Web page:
A senior north councillor believes Syrian refugees could help ease NHS Highland’s staffing crisis.
Local authority leader Margaret Davidson wants health chiefs to consider offering jobs to people who have been forced to flee their homes in the strife-torn country
NHS Highland is faced with an ongoing recruitment crisis and the idea has already won support from other politicians.
The north health board has struggled to attract suitable candidates for a range of posts in rural hospitals.
The scale of the problem was laid bare at NHS Highland’s annual review this week when it was claimed Caithness General Hospital was in “meltdown”, with eight consultant posts vacant.
The hunt for staff has led the board to run campaigns in the north of England and Holland, with limited results.
There is also a shortage of home carers in the north.
Independent councillor Davidson said she believed suitably qualified refugees could find jobs in the health service.
The idea emerged as councillors debated what could be done to ease the deepening humanitarian crisis.
Mrs Davidson said: “We believe, from speaking to people on the ground, that many of the refugees are health professionals.
“There is so much goodwill with people and it would be good to get going with things. We are waiting to hear from the UK Government how it will work.”
She added: “We are doing our best to help and there is a key issue of a shortage of a qualified workforce in certain parts of the Highlands.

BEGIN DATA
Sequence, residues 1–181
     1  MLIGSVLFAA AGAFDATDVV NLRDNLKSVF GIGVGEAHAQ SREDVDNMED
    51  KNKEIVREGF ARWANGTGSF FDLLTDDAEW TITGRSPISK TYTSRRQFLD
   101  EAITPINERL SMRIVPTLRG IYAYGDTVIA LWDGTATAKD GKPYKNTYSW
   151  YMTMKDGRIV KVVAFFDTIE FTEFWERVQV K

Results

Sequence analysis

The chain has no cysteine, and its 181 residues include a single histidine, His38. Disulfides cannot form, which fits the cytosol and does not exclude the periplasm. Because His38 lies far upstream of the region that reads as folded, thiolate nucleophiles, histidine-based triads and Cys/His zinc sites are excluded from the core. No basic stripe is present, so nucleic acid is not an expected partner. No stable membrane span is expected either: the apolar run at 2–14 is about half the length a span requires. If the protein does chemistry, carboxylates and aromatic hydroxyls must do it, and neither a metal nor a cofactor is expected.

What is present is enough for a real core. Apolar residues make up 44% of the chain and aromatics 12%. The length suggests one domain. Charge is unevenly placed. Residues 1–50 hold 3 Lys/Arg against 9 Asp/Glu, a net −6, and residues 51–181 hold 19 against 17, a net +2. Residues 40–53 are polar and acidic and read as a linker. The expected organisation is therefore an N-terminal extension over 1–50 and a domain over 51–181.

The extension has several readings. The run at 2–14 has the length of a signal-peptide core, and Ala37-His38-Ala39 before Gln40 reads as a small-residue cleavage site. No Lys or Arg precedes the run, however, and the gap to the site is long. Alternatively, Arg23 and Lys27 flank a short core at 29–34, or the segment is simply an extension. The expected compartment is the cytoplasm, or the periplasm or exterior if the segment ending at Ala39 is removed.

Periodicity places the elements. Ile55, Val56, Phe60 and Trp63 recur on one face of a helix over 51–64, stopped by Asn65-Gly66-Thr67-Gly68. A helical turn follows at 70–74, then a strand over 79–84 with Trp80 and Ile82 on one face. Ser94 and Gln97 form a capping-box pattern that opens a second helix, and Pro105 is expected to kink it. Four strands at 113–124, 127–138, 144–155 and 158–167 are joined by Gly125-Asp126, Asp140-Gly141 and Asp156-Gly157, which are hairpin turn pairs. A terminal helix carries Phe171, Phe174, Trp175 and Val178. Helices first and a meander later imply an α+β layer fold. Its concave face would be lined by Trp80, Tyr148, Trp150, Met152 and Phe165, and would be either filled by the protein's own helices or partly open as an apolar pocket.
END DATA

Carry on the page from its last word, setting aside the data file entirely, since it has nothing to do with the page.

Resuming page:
“It might be possible to do skills matching, but the big priority is to make sure these folk are safe and then can get a roof over their heads.”
Mrs Davidson said a further meeting would take place tomorrow to discuss what practical assistance could be given to refugees arriving in the Highlands.
Mary Scanlon, Conservative MSP for the Highlands and Islands, said she thought the health professionals idea was one worth pursuing.
She added: “I think that Margaret Davidson has identified an opportunity for qualified Syrian refugees to fill posts.
“I think it is a reasonable request that refugees are using their skills in secure, paid employment.
“But I think it would be unacceptable to set a qualification limit on refugees or to say they are only allowed in provided they have certain qualifications.”
Rhoda Grant, Labour MSP for the Highlands and Islands, said that while there would be people among the displaced population with relevant qualifications and experience, it was more important to help them settle in Scotland after their ordeal.
She said: “These people will probably be a boost to the communities that take them in. But I am not sure we should be screening them on the basis of what they do.
“We should help them to settle before thinking about what they can do. The priority is to help them because they are in dire straits.”
NHS Highland is continuing to pursue efforts to recruit medics from the Netherlands.
An advertising campaign in May attracted responses from six Dutch doctors, including a GP, a paediatrician and an anaesthetist.
Since then, two doctors have visited Raigmore Hospital in Inverness.
Highland Council has told Cosla that it is willing to play a part in any government-arranged Syrian resettlement scheme.
The local authority also met north-based charity Blythswood to discuss its work to support the refugees.
The NHS said any overseas doctor who wanted to work in the UK must be registered with the General Medical Council (GMC) before they can apply to work in the health service.
An NHS Highland spokeswoman said: “In order to work in this country you need to be registered with the GMC.
“Applicants would be considered if they were registered and had suitable qualifications and experience.”